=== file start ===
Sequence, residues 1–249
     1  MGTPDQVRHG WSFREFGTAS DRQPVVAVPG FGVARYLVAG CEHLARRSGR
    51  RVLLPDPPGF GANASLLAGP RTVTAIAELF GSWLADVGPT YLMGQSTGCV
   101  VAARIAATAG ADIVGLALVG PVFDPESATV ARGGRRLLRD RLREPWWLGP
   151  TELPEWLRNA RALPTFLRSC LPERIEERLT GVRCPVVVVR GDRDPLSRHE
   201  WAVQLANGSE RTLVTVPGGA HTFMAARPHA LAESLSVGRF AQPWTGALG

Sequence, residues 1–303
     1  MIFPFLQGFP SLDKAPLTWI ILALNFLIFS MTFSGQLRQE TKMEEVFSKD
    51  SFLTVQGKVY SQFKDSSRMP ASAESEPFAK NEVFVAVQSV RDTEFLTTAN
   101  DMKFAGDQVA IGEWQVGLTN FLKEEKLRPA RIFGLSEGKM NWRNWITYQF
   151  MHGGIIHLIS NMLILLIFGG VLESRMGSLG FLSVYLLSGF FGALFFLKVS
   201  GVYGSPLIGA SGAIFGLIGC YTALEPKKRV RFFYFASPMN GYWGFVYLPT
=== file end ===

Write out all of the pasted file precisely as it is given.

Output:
Sequence, residues 1–249
     1  MGTPDQVRHG WSFREFGTAS DRQPVVAVPG FGVARYLVAG CEHLARRSGR
    51  RVLLPDPPGF GANASLLAGP RTVTAIAELF GSWLADVGPT YLMGQSTGCV
   101  VAARIAATAG ADIVGLALVG PVFDPESATV ARGGRRLLRD RLREPWWLGP
   151  TELPEWLRNA RALPTFLRSC LPERIEERLT GVRCPVVVVR GDRDPLSRHE
   201  WAVQLANGSE RTLVTVPGGA HTFMAARPHA LAESLSVGRF AQPWTGALG

Sequence, residues 1–303
     1  MIFPFLQGFP SLDKAPLTWI ILALNFLIFS MTFSGQLRQE TKMEEVFSKD
    51  SFLTVQGKVY SQFKDSSRMP ASAESEPFAK NEVFVAVQSV RDTEFLTTAN
   101  DMKFAGDQVA IGEWQVGLTN FLKEEKLRPA RIFGLSEGKM NWRNWITYQF
   151  MHGGIIHLIS NMLILLIFGG VLESRMGSLG FLSVYLLSGF FGALFFLKVS
   201  GVYGSPLIGA SGAIFGLIGC YTALEPKKRV RFFYFASPMN GYWGFVYLPT